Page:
return $it;
    }

}

Simple and effective.

Behold! The tri-class factory method, 3 times more awesome than the normal factory method!

Firstly create your class as normal:

class MyClass
{
    ...code...
}

Then create a factory class, (you’re thinking, “what???”, but don’t think, just do):

class MyClassFactory
{
    public static $factory = null;
    ...static methods...
}

Note, some very important features, you must have the public static $factory variable, and it must be initialised to null, despite this being the default behaviour of PHP. The methods also follow a very important structure too, but we’ll get to this in a moment.

Finally, the 3rd and final class, the “Factory Impl” class:

class MyClassFactoryImpl
{
    ...non-static methods...
}

Then to put everything together we need to assign an instance of “Factory Impl” to the static $factory variable in the Factory class, this should be down outside of all the object structures, for added coolness:

MyClassFactory::$factory = new MyClassFactoryImpl;

Confused? You should be. But this is just the start of the awesomeness.

Next, you need to implement the factory methods, they should be implemented as normal public methods in the “Factory Impl” class, e.g.

public function getById($id)
{
    return new object($id);
}

For each method you create, you also need a static function to call this method in the factory class:

public static function getById($id)
{
    return self::$factory->getById($id)
}

Repeat for all your factory methods, and you’re done!

I would recommend that to make it as helpful as possible for other developers, make sure you put everything in one file and try and call the file something different from any of the class names you’ve used, this will ensure that they will probably have to use a require_once each time they use it as it’ll confuse most autoloaders.

You should end up with something like this:

class MyClass
{

    public function __construct($id = null) {}

    public function someMethod() {}

    public function someOtherMethod() {}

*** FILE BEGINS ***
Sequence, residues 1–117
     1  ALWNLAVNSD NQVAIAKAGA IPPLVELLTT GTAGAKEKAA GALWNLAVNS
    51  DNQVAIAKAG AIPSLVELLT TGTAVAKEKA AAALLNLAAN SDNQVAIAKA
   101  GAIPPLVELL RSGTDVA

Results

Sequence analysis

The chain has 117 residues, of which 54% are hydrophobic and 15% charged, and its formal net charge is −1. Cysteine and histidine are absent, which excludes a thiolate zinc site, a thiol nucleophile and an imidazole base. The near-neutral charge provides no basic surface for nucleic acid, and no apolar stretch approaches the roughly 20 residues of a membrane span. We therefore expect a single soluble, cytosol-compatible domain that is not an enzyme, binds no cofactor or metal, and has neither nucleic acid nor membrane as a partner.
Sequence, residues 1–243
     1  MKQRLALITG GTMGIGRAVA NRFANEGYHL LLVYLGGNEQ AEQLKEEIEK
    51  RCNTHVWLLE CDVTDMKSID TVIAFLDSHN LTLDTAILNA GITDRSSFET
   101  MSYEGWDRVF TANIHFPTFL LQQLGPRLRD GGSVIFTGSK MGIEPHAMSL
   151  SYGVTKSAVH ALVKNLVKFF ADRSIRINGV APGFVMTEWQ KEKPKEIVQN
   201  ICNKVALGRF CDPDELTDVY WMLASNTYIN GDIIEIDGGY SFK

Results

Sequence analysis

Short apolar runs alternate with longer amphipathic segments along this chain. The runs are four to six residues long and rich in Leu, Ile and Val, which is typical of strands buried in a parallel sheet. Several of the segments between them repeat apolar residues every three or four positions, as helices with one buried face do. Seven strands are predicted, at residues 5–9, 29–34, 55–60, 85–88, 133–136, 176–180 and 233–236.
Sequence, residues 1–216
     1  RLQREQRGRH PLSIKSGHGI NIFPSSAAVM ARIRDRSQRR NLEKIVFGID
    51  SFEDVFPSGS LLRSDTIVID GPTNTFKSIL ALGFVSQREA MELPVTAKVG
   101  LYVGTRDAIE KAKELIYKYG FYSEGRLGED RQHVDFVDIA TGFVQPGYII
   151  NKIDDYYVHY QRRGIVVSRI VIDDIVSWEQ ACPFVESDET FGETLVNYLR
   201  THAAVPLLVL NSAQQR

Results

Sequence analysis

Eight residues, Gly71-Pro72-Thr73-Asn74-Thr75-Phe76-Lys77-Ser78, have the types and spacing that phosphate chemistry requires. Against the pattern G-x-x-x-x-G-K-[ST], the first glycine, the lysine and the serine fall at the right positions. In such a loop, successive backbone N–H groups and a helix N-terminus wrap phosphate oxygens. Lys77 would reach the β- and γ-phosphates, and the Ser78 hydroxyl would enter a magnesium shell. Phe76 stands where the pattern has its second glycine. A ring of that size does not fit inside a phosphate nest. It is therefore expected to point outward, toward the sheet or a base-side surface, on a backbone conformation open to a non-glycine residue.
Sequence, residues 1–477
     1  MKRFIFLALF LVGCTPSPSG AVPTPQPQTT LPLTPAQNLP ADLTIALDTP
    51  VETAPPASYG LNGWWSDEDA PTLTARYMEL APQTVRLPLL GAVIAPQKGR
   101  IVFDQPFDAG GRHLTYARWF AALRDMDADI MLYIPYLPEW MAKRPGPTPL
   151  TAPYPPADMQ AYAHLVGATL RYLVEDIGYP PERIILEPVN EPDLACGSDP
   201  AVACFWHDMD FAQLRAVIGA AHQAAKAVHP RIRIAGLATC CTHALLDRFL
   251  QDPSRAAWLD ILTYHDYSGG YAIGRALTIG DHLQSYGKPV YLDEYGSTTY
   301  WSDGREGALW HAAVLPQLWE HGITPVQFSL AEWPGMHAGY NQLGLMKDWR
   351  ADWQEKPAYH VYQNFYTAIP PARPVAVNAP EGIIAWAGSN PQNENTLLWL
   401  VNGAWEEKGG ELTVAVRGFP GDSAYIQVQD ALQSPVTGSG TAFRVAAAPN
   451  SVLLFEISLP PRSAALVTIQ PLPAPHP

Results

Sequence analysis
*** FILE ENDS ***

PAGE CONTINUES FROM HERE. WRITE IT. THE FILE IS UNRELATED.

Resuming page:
}

class MyClassFactoryImpl
{

    public function getEmpty()
    {
        return new MyClass;
    }

    public function getById($id)
    {
        return new MyClass($id);
    }

}

class MyClassFactory
{

    public static $factory = null;
   
    public static function getEmpty()
    {
        return self::$factory->getEmpty();
    }

    public static function getById($id)
    {
        return self::$factory->getById($id);
    }

}

MyClassFactory::$factory = new MyClassFactoryImpl;

There is no denying the awesomeness of this pattern, 3 times more objects, 3 times more memory, 3 times bigger stack, 10 times more code, god knows how many times more inefficient, but infinitely more fun! 😀

Next week, stay tuned for the “super god” class!

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Web server benchmark PHP – Apache vs Nginx vs Lighttpd

This is a quick benchmark of the 3 major *nix web servers, to see which gives the best performance.

Test system:

Hardware: vps247 cloud VPS node, 512Mb ram.
Software: Ubuntu 10.10 RC (kernel 2.6.35-22), Apache 2.2.16 (mod_php), Nginx 0.7.67 (php-fpm), Lighttpd 1.4.26 (php-cgi), PHP 5.3.3 with Xcache.
Site: LiteMVC 0.1 Hello World.

Test process:

Using ab with 10,000 requests, 10 concurrent requests.
Monitoring load/memory usage with htop.
All web servers with default configuration, 1 site enabled.
All tests were repeated 3 times.

Apache 2.2.16:

Test 1 Test 2 Test 3
Load at start: 0.03
Memory usage at start: 130 Mb
Load average max: 15.88
Memory usage max: 290 Mb
Requests per second: 400.04
Time per request: 2.5 ms
Longest request: 806 ms
Load at start: 0.07
Memory usage at start: 130 Mb
Load average max: 21.73
Memory usage max: 332 Mb
Requests per second: 395.49
Time per request: 2.529 ms
Longest request: 728 ms
Load at start: 0.06
Memory usage at start: 121 Mb
Load average max: 20.95
Memory usage max: 253 Mb
Requests per second: 385.82
Time per request: 2.592 ms
Longest request: 937 ms

Nginx 0.7.67:

Test 1 Test 2 Test 3
Load at start: 0.05
Memory usage at start: 129 Mb
Load average max: 0.77
Memory usage max: 157 Mb
Requests per second: 413.40
Time per request: 2.419 ms